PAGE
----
presidential candidates want an excellent relationship with
Syria, but one based on mutual respect of each country's
sovereignty and the acceptance of non-interference in the
internal affairs of the other. "Exactly," Khazen responded,
insisting (despite evidence to the contrary provided by the
Ambassador) that Syria has finally accepted that it must
establish normal, positive diplomatic channels with Lebanon.

BEIRUT 00001163 002 OF 002





6. (C) But for Syria to relax about the presidency, Syria
needed reassurances that the Lebanese PM, too, would not be
confrontational. If the USG could help assemble a package
including the name of the prime minister to be appointed
after presidential elections (as the start of a new
presidential term forces the formation of a new cabinet),
then Syria will more readily stand aside as Lebanon's
parliament elects a March 14 president. Specifically, Khazen
said, Syria will be more comfortable if Fouad Siniora returns
as PM rather than yield the office to Saad Hariri, who wants
it.



7. (C) The Ambassador expressed astonishment and
skepticism. Syria and its Lebanese allies have attempted to
undermine Siniora and his cabinet since 2005, working with
particular gusto to topple Siniora since November 2006. And
now we are supposed to believe that, not only does Syria want
Siniora, but by getting a promise of Siniora, then the
presidency can go toward March 14? Admitting that it sounded
strange, Khazen said that is exactly what he has learned from
credible contacts. The point is that the Syrians do not
trust someone as inexperienced and rash as Saad Hariri.
Siniora, the devil that they know, is solid, steady, and
predictable. The bad relationship now is based on current
politics that will change with the new president.

7, (C) Moreover, Khazen continued (returning to an earlier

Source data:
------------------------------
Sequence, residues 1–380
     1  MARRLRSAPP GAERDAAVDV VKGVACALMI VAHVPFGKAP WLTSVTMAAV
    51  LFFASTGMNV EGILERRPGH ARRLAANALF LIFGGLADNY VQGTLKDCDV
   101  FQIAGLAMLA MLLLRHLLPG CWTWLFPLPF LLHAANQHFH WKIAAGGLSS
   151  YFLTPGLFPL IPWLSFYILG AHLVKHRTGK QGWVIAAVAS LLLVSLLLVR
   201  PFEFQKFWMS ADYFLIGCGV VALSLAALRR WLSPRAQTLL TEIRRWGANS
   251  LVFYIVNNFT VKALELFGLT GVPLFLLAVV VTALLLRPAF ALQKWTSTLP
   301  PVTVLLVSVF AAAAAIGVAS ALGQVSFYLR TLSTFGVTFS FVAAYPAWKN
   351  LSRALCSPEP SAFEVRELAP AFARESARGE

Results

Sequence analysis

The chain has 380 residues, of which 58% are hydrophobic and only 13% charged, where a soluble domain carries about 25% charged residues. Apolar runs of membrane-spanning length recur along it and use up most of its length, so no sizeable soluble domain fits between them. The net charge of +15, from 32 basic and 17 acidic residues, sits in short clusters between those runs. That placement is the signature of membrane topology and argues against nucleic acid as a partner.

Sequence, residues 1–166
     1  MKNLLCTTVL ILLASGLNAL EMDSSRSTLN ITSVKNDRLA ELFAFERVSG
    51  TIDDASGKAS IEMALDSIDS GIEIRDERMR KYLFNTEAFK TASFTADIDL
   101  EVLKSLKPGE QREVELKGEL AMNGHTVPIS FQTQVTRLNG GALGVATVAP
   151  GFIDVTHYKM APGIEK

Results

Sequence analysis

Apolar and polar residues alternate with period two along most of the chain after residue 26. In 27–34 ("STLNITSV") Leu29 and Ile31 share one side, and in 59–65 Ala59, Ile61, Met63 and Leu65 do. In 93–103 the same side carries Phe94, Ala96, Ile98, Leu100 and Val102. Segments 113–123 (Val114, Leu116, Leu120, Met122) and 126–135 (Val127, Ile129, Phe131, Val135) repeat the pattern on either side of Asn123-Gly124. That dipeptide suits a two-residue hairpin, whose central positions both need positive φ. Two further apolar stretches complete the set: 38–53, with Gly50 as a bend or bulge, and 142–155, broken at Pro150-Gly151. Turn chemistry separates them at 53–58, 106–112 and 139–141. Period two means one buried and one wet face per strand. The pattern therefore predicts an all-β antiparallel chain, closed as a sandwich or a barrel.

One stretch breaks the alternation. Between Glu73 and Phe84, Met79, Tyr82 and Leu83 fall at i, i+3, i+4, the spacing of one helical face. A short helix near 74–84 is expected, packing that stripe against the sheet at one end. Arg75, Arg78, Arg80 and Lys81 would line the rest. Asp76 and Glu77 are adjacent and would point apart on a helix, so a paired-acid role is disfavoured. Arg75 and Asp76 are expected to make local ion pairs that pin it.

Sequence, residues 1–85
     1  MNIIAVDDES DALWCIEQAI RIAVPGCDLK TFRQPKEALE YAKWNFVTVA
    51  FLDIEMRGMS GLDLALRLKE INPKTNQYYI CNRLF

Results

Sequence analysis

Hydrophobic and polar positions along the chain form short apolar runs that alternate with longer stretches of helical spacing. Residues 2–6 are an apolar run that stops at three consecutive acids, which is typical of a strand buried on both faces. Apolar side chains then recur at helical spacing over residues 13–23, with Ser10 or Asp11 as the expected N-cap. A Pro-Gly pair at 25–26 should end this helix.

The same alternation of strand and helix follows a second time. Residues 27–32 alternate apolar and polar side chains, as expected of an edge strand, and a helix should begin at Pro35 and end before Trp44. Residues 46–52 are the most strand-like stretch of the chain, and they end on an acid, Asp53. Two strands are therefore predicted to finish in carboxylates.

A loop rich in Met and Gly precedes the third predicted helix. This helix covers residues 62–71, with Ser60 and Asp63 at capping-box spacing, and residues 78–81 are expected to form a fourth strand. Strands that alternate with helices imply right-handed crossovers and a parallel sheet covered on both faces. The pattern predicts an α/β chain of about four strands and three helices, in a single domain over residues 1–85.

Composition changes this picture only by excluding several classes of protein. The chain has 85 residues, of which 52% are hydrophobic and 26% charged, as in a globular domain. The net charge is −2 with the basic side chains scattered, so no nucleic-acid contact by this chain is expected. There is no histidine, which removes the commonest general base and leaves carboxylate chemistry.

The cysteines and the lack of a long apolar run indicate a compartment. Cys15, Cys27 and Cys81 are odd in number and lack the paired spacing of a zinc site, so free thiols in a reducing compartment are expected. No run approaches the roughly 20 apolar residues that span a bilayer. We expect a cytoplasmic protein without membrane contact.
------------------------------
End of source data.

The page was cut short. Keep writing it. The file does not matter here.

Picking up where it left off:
theme), Syria has finally recognized that it cannot have the
control over Lebanon it had previously. Syria believes that
it can remain influential in Lebanon but will need to rely on
normal diplomatic activities to do so. In recognizing that
it must turn over a new leaf with Lebanon, Syria sees the
need for credible interlocutors, and having Siniora on board
with a new president will help. The Ambassador noted that
the Lebanese parliament, not the USG, has the power to select
both the president (through elections in the parliament) and
the prime minister (through binding consultations). Syria
would thus be well advised simply to allow the Lebanese
parliament to do its job.

COMMENT


--------------------------





8. (C) What's going on here? Since Fouad Siniora was sworn
into office in July 2005, Syria and its allies have
concentrated on undermining his credibility and authority.
After the Shia ministerial walk-out in November 2006, the
anti-Siniora attacks grew in ferocity and viciousness. Now,
in a one-on-one conversation with the Ambassador a couple of
days ago, Parliament Speaker Nabih Berri made a comment that,
at the time, we thought was a throwaway line to disarm us.
Lamenting that politics and constitutional niceties
interrupted his relationship with Siniora, Berri described
Siniora as the best Prime Minister Lebanon has ever had. And
Khazen, one of Emile Lahoud's childhood friends, hints that
he is carrying Syrian messages in claiming that it will be
easier to get a March 14 president if we can guarantee that
Siniora will come back to head the cabinet against
post-elections. A "two-fer" for us, if Khazen is to be
believed.



9. (C) In our view, having a March 14 president combined
with a Fouad Siniora premiership would be a superb line-up in
terms of strengthening the Lebanese state, Lebanese
democracy, and Lebanese independence. While we defer to
Embassy Damascus for an analysis of Syria's goals, we expect
Syrian objectives are quite different. Khazen appeared
sincere in his delivery, but we expect the underlying purpose
of his message (even if obscure to the dapper but dim
messenger) was not benevolent. Thinking over the surprising
conversation, we suspect that Syria's friends in Lebanon hope
to enlist our unwitting help in splitting the Hariri house
between those who will back Saad Hariri as the heir apparent
for the premiership (especially as Saad has made his wishes
to become PM known) and those who prefer to stick with
Siniora. They may also hope that, in the process, we start
to wonder whether Siniora might harbor s ecret connections to
Damascus. In any case, we chalk up our surprising and
pleasant enough conversation to another one of those
only-in-Lebanon experiences.
FELTMAN